1. I’m glad you mentioned the fact that some of these non-student ticket sales are based on a package deal with basketball. I’m a huge IU Football fan, but probably wouldn’t have bought tickets. However, to keep up with alumni “points” – I had to buy football tickets. Its a bit of a scam, because I won’t go to many games, but I’m happy to support the school. I wonder if the attendance will actually increase in proportion to increased ticket sales.

  2. Although I have had season tix for several years, I have a few friends also in Eric’s situation. Sales>attendance.

    Disappointing to hear about the struggles of some of the players.
    Hopefully a learning experience, and Hoosier football is ready to turn around.

  3. Does it really matter why people bought the tickets? Its more money for the AD and even a few more people in the stands is a good thing.

    Also, CKW still says Win Today all the time on Twitter and its posted all around the football complex. It just means make the most of every day.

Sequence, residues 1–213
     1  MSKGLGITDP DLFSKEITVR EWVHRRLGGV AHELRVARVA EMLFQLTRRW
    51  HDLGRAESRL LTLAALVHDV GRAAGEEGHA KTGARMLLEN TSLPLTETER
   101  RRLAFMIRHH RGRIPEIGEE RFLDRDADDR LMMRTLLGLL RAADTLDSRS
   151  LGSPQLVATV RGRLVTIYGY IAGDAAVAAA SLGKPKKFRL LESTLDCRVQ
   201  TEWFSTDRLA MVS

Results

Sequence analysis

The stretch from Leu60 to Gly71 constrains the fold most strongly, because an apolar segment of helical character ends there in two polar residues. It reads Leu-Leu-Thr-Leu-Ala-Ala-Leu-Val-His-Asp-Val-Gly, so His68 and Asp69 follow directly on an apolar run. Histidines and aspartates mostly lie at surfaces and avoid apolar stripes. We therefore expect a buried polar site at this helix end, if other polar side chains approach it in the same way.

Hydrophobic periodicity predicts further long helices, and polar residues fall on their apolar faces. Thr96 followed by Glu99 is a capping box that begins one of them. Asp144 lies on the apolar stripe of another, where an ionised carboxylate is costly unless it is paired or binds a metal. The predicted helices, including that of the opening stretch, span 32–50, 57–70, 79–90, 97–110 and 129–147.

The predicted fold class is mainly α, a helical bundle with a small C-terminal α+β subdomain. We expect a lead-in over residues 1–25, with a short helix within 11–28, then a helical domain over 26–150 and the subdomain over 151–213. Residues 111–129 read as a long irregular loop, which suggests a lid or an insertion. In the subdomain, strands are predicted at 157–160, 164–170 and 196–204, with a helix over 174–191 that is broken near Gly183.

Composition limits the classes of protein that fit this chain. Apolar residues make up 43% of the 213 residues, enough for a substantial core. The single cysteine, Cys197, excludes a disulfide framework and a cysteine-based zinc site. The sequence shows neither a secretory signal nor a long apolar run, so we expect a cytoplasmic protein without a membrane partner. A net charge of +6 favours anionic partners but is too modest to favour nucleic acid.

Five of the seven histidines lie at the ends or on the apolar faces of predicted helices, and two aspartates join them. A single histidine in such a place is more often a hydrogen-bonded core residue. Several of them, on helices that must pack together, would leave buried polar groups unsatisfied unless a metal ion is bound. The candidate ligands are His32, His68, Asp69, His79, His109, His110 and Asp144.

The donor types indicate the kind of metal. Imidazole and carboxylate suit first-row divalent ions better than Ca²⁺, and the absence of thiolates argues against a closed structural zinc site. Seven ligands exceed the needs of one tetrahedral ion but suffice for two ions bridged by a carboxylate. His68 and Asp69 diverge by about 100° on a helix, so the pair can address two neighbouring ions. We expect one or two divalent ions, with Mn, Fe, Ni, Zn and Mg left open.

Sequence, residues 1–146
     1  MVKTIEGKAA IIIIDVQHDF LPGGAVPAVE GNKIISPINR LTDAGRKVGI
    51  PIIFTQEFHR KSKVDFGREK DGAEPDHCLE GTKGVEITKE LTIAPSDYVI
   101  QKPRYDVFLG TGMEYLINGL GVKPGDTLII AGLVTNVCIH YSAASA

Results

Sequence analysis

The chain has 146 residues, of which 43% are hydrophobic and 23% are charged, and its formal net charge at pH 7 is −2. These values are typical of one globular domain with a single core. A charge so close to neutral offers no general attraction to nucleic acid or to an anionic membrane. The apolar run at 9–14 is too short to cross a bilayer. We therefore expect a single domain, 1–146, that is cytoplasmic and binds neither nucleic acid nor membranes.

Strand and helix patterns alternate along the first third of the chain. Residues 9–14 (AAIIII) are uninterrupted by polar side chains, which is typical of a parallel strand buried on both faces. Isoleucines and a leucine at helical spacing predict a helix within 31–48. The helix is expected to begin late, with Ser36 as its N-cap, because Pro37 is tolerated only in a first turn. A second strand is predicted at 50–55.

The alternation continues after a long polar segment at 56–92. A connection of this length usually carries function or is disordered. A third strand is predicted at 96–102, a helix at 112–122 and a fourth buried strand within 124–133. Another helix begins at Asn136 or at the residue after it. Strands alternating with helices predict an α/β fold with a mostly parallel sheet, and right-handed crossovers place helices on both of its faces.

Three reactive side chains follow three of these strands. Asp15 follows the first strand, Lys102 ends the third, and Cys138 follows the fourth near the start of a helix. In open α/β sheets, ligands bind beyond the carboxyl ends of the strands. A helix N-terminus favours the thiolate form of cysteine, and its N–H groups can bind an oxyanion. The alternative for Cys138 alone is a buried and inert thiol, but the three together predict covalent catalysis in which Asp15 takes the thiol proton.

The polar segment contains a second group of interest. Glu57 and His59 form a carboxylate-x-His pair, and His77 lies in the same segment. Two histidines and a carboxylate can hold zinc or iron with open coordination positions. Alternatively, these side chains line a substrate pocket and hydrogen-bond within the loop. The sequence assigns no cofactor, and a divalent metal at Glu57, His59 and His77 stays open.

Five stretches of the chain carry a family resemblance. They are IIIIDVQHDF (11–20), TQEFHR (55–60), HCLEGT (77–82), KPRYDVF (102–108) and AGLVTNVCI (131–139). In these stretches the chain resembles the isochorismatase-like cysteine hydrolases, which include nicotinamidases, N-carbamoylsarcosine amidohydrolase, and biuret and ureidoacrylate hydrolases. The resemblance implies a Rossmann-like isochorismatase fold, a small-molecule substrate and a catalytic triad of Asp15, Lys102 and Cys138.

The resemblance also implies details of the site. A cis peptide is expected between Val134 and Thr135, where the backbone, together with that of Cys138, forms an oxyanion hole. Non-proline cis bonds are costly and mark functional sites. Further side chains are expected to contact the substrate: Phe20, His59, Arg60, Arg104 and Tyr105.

4. Jimmy, I’m sure you understand that some people are either too “thick” to understand the meaning of KW’s “win today” slogan or are simply anti-IU and use its literal meaning as a means of kicking a program when its down. There’s no sense in debating either stupid people or those cynics that have a hard boiled disdain for either IU in general or IU football in particular. Some of them are incapable of understanding the meaning of the “win today” slogan and some of them see it as an opportunity to express their disdain.

    Funny, I don’t see anyone ripping on ND even though they have a slogan that says “Play Like a Champion today,” but have not been champions for many years.

  5. While not all the details behind the increased fball tix sales are encouraging for the longer-term future (e.g., it is a blockbuster home conference schedule this year), there are some truly positive trends relative to the past:
    *If the department is willing to explicitly leverage the basketball program, said program looks poised for an explosion. Personally, I think the dept. should be even more aggressive about connecting the two.